Amidst the economic depression of the 1830s and following the proposals of Robert Lowe, Kidderminster’s Member of Parliament, a Committee was formed and a company called ‘Kidderminster Public Rooms’. This was the beginning of Kidderminster Town Hall as we know it today.
The Company was funded from shares amounting to £5000 and a donation of £900 from William Brinton allowed for the purchase of the land. A Wolverhampton firm was commissioned to design the public rooms – these were to be used for meetings, concerts, lectures and assemblies with a convenient exchange for the sale of grain seeds, malt hops and other produce.
There were two main rooms – their names derived from their likely uses – the Corn Exchange and the Music Room and in 1855 both rooms were officially opened and the opening of the Music Room, with its impressive William Hill organ, was commemorated with a grand festival involving artists of national repute.
In 1875 the property was sold to the local Corporation (Authority). On land adjoining the rooms a new building was erected in a similar style to house Municipal offices and a Police Station with rooms to include a Mayor's Parlour, Council Chamber and Law Courts with offices and cells. The Mayor of Kidderminster at the time laid a foundation stone for this new building and placed under it a time capsule which contained copies of local newspapers and the names of J.P’s, councillors, builders and architects, to date the time capsule has still not been located.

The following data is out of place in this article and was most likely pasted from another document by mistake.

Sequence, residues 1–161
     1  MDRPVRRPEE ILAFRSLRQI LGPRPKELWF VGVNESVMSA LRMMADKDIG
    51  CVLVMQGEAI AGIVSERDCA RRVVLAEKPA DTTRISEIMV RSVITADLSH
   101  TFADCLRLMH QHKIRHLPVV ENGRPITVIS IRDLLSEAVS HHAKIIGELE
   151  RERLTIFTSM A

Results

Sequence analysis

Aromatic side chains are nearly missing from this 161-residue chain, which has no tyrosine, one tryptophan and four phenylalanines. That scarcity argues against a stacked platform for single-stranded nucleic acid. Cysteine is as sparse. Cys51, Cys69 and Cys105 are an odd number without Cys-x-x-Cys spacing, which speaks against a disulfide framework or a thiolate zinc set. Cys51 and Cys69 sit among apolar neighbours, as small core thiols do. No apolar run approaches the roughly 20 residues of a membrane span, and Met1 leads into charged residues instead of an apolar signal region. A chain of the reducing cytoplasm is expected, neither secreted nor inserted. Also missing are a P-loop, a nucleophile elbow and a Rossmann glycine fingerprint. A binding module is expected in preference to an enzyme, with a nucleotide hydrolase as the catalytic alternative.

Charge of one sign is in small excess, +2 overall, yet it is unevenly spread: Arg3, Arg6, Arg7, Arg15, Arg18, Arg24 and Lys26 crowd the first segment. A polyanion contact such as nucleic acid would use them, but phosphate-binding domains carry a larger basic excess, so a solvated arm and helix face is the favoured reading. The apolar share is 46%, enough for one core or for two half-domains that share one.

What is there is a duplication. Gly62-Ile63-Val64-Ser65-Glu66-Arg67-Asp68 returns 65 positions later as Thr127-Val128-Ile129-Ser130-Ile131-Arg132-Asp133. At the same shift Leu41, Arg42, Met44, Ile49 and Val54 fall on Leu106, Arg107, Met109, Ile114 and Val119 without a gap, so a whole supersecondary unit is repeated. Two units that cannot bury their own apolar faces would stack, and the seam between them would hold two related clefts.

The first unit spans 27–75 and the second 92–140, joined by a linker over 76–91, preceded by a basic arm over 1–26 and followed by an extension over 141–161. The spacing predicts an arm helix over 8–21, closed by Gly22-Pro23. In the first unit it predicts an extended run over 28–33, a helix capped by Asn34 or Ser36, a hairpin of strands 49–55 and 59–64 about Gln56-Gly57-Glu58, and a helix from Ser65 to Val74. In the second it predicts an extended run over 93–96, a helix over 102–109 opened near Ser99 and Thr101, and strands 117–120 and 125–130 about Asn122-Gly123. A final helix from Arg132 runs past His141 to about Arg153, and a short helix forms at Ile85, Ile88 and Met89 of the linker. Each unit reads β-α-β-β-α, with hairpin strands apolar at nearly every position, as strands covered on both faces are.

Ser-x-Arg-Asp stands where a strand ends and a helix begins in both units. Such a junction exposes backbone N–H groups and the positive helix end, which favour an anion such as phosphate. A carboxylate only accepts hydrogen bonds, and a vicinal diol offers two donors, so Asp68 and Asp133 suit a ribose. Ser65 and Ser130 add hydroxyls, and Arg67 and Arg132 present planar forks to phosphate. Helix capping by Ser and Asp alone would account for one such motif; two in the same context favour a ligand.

After a new Police Station was erected at Blakebrook the Council had access to the whole building and it was decided to bridge the two original buildings and this enabled the creation of the King Charles Room.
One of the first in the country, and one of the few remaining, the much admired organ was built by William Hill and Co of London for a cost of £826. The organ and the Music room as a whole were inaugurated in October 1855 with a two day festival featuring many renowed musicians. Find out more about the William Hill Organ.
The table and chairs set in the King Charles Room, carry the artist’s signature mouse, carved into a leg of each of the chairs. The table was manufactured in the late 1920s and bears the town’s crest as well as a mouse. Find out more about the Mouseman Furniture and it's recent restoration.